Despite its height the shikhara of the Mahabuddha Temple (Temple of the Thousand Buddhas) stands concealed in a courtyard, scarcely visible from the street. It is one of many copies of the Mahabuddha Temple in Bodhgaya (Bihar, India) where Buddha achieved enlightenment. The Patan temple is said to have been erected in the 16th c. by an Indian pilgrim Jivaraja, who visited Bodhgaya with the express intention of recreating the Mahabuddha Temple in the monastery founded by his grandfather Abhayaraja in Patan. It took 36 years to build, being completed in 1585. Reconstruction following the 1934 earthquake was hampered by lack of a detailed plan. As a result enough materials were left over to erect the little shrine to Maya Devi, Buddha's mother, which can be seen on the south-west side.The tall shikhara, crowned by a small gilded stupa, is covered with floral decoration and terracotta reliefs of Buddha. The view from the narrow courtyard is somewhat restricted, a better vantage point being the roof terraces of the shops at the rear of the court.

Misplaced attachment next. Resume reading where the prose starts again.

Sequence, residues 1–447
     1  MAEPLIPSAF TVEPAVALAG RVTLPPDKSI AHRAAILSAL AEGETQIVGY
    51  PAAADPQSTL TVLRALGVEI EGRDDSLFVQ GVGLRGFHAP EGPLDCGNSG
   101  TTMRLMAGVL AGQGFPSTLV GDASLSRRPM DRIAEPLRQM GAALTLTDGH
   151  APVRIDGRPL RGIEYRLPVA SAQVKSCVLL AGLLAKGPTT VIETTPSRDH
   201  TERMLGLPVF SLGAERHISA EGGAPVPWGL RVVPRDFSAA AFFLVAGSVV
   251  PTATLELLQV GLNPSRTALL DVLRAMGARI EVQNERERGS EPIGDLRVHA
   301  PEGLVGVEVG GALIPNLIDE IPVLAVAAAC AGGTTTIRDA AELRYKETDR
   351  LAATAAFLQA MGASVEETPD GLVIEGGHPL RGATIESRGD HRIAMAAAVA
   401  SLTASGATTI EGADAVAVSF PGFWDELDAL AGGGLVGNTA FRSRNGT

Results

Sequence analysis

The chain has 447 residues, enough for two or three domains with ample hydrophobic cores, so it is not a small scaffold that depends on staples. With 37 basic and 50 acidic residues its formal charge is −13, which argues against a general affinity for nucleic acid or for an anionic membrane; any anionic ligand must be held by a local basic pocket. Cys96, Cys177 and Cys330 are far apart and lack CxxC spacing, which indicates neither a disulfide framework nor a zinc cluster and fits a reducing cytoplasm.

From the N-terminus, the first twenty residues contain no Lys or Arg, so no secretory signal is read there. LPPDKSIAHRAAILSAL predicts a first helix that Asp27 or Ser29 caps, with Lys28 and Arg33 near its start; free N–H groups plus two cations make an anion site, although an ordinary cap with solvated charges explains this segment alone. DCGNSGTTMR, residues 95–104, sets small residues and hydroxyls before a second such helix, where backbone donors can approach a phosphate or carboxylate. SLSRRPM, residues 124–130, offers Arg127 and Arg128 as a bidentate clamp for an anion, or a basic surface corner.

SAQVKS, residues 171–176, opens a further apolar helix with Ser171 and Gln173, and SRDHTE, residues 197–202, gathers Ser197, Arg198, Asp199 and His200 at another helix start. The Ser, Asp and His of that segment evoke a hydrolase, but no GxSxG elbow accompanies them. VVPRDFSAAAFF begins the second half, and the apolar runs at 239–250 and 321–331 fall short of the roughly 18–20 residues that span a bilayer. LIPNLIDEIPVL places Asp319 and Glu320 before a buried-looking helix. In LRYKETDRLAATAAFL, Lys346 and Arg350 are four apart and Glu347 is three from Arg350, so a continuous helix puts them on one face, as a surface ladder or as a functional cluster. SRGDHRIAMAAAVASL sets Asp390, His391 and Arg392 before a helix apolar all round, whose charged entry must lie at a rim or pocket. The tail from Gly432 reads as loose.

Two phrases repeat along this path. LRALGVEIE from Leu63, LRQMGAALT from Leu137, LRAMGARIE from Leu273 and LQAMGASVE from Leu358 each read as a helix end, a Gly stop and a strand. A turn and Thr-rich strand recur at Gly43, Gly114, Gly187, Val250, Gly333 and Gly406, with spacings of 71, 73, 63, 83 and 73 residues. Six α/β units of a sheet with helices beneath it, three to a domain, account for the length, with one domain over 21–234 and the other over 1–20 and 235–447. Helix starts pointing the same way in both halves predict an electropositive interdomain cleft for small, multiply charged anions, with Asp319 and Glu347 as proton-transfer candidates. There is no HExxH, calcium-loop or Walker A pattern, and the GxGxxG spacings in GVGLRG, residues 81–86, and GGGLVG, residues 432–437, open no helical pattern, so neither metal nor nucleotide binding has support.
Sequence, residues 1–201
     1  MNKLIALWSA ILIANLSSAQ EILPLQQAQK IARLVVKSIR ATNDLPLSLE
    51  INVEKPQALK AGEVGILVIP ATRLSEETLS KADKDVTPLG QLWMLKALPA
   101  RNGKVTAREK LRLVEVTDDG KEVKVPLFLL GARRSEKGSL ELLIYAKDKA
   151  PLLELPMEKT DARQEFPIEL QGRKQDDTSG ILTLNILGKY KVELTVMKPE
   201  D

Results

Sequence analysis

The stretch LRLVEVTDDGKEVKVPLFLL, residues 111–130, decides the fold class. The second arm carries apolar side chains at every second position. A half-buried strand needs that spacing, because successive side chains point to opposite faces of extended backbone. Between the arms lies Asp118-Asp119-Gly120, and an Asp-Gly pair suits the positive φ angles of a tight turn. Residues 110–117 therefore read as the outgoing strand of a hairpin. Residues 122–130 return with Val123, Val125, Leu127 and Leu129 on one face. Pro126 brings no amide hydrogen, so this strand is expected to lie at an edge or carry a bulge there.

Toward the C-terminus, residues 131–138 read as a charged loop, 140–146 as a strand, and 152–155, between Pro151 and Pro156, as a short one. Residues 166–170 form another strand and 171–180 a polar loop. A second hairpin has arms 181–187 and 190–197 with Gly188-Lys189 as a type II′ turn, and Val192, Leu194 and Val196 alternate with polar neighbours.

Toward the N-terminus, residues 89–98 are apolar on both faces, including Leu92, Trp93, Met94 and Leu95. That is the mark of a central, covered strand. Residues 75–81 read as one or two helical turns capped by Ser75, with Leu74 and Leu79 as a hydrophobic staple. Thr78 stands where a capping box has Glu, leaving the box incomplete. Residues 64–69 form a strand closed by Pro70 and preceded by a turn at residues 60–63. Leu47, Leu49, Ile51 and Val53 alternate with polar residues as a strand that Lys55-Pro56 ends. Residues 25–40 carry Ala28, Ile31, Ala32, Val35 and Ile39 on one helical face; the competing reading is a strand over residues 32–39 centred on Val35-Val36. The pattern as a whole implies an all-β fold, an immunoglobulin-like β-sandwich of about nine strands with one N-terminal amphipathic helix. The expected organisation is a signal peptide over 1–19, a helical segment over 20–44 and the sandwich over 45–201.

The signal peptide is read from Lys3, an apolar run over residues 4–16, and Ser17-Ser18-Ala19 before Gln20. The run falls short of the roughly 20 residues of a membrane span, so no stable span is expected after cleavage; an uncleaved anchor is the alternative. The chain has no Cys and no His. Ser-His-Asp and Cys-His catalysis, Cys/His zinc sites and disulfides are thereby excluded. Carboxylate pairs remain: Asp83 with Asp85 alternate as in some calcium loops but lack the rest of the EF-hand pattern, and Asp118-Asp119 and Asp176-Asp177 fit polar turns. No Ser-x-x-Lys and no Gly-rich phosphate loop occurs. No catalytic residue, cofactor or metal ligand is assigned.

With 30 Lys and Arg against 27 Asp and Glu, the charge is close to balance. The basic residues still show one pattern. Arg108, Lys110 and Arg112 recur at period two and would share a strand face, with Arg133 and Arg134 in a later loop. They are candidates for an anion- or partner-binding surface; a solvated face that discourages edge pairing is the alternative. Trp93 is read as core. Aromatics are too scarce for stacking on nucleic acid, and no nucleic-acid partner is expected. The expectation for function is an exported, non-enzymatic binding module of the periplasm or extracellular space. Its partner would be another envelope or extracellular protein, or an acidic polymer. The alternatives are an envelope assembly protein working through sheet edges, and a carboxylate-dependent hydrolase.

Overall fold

The god Minanath, whose shrine is situated not far from the Raato Matsyendranath Temple, is also closely associated with Padmapani Lokeshvara and is often referred to as the Little (Saano) Matsyen- dranath. The Minanath cult actually goes back further than that of his nowadays more popular "big brother". The votive stupas by the fountain date from Licchavi times, testifying to the great age of the site.Minanath is known to have been honored with a chariot procession as long ago as the 7th c. though that particular festival was later dedicated to a different god. Today Minanath's smaller chariot follows in the wake of Raato Matsyendranath's much larger one. Their two images, both red faced, are confusingly similar. The two-storied Minanath Mandir dates from the 15th c. Recent renovation has tended to camouflage the ancient structure, hiding the woodwork beneath layers of brightly colored paint. The buildings of the Tamgah Bahal have also disappeared, their place taken by new concrete housing.
Bal Kumari Mandir